This fall, Theaster Gates opens a major exhibition of his work at the New Museum. Gary Carrion-Murayari, who is co-curating it, says the show will essentially take over the entire institution. But the exhibition planning isn’t how the curator was introduced to Gates’ work. He was made aware of this more than a decade ago during a visit to the artist’s Chicago studio when Carrion-Murayari was recruiting artists for the 2010 Whitney Biennial.
At the time, Gates wasn’t as well known for his community-based practice as he is today; He was just starting out and at that point had only done “a few projects in town and maybe a few things outside of Chicago,” Carrion-Murayari recalled.
During the visit, a few things about Gates’ approach to his practice made an immediate impression. First, unlike many other young artists, he didn’t do a “slideshow presentation of everything he had been doing at the time,” Carrion-Murayari said. “It was just a really honest conversation about what he wanted to achieve with his work. And how he hoped to make an impact on the world with this incredibly ambitious, locally specific project.”
From that moment on, “It was very clear to me that Gates was someone who really believed in what he was doing,” Carrion-Murayari continued, “and had an incredible optimism about what art could make a difference.”
In the end, Gates not only landed a spot at the Whitney Biennial, but also developed an enduring relationship with the curator. “14 or 15 years later, we’re working together again on a completely different scale,” said Carrion-Murayari.
Of course, not every studio visit will go as well as this one. But to leave room for a similar outcome, artists should remember this: people come to your studios to learn more about you. So let her.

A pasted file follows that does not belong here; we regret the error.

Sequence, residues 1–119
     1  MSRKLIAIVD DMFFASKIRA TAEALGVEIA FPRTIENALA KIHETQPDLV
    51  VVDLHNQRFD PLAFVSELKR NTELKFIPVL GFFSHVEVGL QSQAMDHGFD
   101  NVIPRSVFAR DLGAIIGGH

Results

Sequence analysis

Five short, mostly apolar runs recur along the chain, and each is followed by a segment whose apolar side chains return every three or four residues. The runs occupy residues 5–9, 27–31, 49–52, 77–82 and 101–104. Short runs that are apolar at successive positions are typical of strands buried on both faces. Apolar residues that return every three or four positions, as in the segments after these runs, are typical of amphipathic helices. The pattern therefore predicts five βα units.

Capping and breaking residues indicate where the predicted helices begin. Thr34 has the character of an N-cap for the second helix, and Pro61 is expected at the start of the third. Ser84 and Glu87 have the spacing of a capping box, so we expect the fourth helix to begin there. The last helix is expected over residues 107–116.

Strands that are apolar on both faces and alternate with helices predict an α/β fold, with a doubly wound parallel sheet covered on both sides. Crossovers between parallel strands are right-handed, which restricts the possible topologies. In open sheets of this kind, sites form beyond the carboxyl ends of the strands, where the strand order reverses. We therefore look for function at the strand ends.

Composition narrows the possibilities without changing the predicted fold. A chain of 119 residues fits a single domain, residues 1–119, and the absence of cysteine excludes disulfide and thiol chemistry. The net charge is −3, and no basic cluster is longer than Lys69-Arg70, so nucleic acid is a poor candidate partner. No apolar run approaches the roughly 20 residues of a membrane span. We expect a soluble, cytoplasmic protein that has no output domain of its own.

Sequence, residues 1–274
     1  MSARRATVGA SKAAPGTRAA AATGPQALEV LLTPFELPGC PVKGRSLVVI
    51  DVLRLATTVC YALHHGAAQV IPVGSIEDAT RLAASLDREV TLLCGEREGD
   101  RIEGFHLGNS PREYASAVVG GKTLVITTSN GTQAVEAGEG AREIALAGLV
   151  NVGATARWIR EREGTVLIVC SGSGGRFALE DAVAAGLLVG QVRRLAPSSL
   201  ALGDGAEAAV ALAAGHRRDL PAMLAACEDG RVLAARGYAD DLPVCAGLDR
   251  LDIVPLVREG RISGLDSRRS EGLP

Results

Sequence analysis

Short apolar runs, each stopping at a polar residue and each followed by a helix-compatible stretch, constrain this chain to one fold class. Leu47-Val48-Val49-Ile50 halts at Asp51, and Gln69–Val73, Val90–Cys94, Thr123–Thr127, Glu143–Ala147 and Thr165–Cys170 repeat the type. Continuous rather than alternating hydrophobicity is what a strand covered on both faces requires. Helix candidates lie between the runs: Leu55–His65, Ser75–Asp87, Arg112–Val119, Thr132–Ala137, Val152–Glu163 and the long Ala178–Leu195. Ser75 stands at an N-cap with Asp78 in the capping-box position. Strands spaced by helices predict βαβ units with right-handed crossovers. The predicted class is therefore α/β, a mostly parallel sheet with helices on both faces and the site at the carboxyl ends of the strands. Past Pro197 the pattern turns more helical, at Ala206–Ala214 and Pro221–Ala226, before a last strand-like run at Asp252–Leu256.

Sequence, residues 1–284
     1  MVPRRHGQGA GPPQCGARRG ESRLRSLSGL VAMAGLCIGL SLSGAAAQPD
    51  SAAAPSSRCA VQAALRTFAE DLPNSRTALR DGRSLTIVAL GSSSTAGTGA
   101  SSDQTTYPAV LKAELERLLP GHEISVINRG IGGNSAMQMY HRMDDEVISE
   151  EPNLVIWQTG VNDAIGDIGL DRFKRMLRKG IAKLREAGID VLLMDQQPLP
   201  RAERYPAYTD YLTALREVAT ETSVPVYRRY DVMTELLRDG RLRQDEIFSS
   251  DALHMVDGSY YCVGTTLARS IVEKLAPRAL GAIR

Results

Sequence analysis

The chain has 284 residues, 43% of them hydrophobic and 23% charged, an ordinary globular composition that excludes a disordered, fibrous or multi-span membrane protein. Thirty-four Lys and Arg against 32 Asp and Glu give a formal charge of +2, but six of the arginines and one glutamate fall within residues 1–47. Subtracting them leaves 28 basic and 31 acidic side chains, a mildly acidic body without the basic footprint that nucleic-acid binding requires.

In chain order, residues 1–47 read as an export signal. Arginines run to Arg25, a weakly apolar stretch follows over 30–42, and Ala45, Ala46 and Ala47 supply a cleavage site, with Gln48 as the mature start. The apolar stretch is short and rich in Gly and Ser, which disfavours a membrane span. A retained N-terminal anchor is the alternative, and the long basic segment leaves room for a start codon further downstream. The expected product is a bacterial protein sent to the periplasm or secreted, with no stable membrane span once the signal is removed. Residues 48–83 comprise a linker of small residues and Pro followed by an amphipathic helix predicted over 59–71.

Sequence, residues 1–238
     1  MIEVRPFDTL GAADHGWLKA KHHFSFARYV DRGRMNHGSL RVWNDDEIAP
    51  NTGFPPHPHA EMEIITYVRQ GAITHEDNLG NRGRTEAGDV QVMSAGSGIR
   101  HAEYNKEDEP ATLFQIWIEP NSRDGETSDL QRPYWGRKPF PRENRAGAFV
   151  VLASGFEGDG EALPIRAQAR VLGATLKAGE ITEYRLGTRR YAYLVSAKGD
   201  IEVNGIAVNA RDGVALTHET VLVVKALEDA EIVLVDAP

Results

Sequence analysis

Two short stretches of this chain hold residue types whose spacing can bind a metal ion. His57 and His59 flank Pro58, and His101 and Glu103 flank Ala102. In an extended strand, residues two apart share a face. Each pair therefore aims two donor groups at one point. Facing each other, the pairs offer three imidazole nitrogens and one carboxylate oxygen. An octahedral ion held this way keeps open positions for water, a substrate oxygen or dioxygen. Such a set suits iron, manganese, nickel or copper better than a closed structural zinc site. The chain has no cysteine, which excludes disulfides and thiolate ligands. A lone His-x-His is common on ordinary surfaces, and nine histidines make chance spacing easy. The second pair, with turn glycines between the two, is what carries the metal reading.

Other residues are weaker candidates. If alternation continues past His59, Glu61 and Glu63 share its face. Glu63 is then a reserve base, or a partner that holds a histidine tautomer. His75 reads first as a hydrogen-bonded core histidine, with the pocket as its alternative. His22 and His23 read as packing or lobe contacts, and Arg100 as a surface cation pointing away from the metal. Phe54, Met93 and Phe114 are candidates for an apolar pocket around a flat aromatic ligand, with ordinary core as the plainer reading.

We asked leading curators, collectors and others for their tips for young artists looking to stand out from the crowd. Here are their suggestions.
Keep it loose
For artists, studio visits can sometimes feel like speed dating as they attempt to connect with a potential sponsor or institutional backer in a short amount of time. For that reason, “a lot of artists, especially on the younger side, try to walk you through everything that they’ve done, from grad school onwards,” Carrion-Murayari said, “and that’s often a bit overwhelming.”
New Museum curator Margot Norton agrees, saying artists “don’t have to share everything… like from birth to now.”
Essentially, artists should focus on what they are doing and why they find the work interesting. The person on the receiving end may or may not agree, but at least your visitors are getting what they’re looking for: “A good conversation,” said Carrion-Murayari, “and a sense of what’s urgent and exciting about an artist at this moment.”
Don’t read too much into things
On the flip side of over-sharing, Norton has also left studio visits feeling “needed to elicit information from someone,” she said. Artists—particularly younger ones fresh out of an MFA program—tend to be reticent and could understandably read too much into harmless behavior. “Because of the many criticisms of the art school,” Norton says, “I think people see your visit as a criticism. But it’s not.” So artists shouldn’t get too defensive.
Likewise, collectors or curators can be calm during their studio visits. “And that doesn’t necessarily mean they don’t have thoughts or things they want to say [about the work]’ Norton explained. “You just gather that information and see what sticks.”